The whole political establishment has followed the lead of the New Right in successfully staking out this terrain of insecurity and couching its repressive measures in a populist moralism, to use Stuart Hall' s term. Also a number of leading intellectuals once again have jumped aboard the bandwagon with opinions that echo the prevailing anti-intellectualism. "The public supports more gun control laws but suspects they won' t work. The public is right," proclaims James Q. wilson, Richard Nixon' s favorite social scientist. "The case for more police and additional punishment rests on the immediate impacts these measures can achieve, " argues Gary Becker, economist and Nobel prize winner. "They do not take a generation to become effective: They can reduce crime straightaway. " It is tempting to exchange short-term solutions with demagogues who wrap their ideology in the language of common sense and folk wisdom, belittling the abstractions and complexity of out-of-touch liberals. But we need to remember that these men of action have not got the job done after some thirty years of effort and, more significantly, that their "practical" program has been profoundly motivated by a long-term ideological agenda. Without any competing interpretations that explain the demise of the U.S. dream or provide a vision of a more compassionate society, simple-minded panaceas resonate widely with people who want solutions fight now and are willing to concede democratic rights to a more authoritarian regime.
There's nothing particularly new about politicians and the media constructing moral panics to mobilize public opinion against illusory crime waves. We've seen it before with crusades against the "dangerous classes" in the nineteenth century, against vice and degeneracy in immigrant communities during the Progressive Era, against delinquent mothers in the 1950s, and black "muggers" in the 1970s. Today, as often in the past, the law and order discourse is a thinly coded representation about race, an "ideological conductor" for both popular discontents and the state's inability to manage racial antagonisms. Nobody has any doubt in their minds about the racial innuendo when Time magazine, in its special issue on crime, notes that "randomly, irrationally, crime pounds at the door of a slumber party. It pulls up besides a tourist at a highway rest stop. It catches the 5:33."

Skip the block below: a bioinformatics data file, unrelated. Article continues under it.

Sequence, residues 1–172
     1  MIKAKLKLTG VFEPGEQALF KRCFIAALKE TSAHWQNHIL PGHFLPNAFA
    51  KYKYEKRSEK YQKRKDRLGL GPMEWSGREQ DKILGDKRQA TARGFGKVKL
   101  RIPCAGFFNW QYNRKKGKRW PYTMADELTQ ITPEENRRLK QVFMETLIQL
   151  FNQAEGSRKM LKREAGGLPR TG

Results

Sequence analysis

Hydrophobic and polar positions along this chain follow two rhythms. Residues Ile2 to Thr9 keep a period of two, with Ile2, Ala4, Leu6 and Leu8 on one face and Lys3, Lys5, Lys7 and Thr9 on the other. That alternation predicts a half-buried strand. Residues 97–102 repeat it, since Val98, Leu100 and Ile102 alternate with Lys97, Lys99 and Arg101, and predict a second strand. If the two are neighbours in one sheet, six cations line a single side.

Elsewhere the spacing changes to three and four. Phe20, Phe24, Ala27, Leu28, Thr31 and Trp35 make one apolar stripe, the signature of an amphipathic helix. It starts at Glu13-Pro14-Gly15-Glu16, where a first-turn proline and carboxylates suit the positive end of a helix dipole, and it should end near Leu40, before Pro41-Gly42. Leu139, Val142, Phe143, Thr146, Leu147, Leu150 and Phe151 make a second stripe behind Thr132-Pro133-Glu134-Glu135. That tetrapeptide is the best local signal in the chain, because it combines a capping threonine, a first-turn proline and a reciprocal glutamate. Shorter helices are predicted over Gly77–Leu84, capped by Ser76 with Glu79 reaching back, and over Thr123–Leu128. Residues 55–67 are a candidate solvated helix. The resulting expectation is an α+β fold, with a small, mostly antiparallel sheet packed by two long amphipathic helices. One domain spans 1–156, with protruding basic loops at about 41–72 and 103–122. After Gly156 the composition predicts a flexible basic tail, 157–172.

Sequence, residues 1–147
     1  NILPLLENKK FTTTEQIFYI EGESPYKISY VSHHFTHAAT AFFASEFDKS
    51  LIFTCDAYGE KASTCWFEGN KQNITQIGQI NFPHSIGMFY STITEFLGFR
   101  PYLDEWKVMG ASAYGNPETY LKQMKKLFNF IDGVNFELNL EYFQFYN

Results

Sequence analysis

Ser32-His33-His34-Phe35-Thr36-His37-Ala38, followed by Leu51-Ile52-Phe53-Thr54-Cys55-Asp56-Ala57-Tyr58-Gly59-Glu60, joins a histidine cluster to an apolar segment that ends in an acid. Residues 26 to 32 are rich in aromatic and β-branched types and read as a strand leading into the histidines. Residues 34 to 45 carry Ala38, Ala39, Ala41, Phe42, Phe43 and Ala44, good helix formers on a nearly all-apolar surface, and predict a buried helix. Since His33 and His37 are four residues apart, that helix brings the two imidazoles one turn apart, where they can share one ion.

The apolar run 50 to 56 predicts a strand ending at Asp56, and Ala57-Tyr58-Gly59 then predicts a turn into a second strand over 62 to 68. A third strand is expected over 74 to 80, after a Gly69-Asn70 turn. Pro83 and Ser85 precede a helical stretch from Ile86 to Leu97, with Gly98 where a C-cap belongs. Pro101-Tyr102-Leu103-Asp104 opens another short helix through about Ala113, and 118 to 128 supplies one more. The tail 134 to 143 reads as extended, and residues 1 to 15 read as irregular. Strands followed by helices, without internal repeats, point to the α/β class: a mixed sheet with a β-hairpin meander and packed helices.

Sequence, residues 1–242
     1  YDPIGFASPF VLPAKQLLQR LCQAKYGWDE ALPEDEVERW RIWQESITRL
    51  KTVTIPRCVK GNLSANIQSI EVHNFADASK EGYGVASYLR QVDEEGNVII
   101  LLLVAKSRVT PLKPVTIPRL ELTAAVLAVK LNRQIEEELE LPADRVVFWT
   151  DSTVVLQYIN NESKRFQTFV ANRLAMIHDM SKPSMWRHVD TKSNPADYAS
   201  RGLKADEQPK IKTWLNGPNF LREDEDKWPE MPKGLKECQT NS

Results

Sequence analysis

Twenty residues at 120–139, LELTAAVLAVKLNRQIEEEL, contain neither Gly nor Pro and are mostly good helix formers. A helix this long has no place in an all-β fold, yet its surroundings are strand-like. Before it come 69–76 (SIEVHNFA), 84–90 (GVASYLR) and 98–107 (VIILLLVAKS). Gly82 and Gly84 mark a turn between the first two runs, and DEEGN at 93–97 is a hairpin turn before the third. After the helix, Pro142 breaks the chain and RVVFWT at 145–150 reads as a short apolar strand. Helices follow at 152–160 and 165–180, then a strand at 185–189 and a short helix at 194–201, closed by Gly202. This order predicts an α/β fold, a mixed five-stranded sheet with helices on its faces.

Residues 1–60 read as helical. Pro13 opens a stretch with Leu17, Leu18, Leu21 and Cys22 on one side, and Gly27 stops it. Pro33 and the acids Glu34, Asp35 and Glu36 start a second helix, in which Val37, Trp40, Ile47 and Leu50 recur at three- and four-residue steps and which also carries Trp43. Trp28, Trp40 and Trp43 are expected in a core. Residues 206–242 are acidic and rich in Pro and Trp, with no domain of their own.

The current law-and-order campaign is not simply another ephemeral storm of outrage that will gradually dissipate. It is part of a profound shift taking place in state power. If we are to have any hope of reconstructing a progressive agenda on crime and justice, we must first understand that there have been significant, qualitative changes in the structures of criminal justice, a process that is thirty years old and still unfolding. Let me identify and discuss four key elements in this transformation.
Policing the Crisis
One immediate result of this attention was the availability of federal funds to stimulate far-reaching reforms and impose national standards and strategies on local and state agencies. Between 1955 and 1971, criminal justice expenditures throughout the country doubled to 1 percent of the about five times what it had been in the previous decade.
The main beneficiary of this new largesse were the police, who by 1974 received 57 percent of the nation's $15 billion criminal justice budget, eight times the amount they had received ten years earlier. From 1965 to 1975, the number of police increased by about 40 percent, and in large cities like Los Angeles they grew even faster. This development was shaped by the rise of a police-industrial complex that, backed by government subsidies and a heavy reliance on military expertise, introduced technology (in weaponry, communications, and information systems) and managerial techniques of command and control into policing. During the 1970s, the police were reorganized and diversified (from SWAT units to team policing), armed for every occasion, and plugged into nationally coordinated data bases. There was considerable political opposition to these innovations (notably from African American, Latino, and New Left organizations, which countered with demands for civilian review boards and "community control"), but by the end of the 1970s the left was silenced on these issues and policing had been transformed into a much more disciplined and militarized occupation, loyal to the state but little else. For poor communities of color that have the highest rates of victimization (by "street," business, and environmental crimes), the police are either irrelevant or yet another institution adding insult to injury.
Aided by deregulation policies and the increasing privatization of public services during the Reagan years, large corporations found lucrative contracts in the expanding criminal justice market for everything from riot batons and surveillance systems to modular prison units and electronic restraints. In the 1980s criminal justice became a growth industry, with bond measures for prison construction and new institutional designs.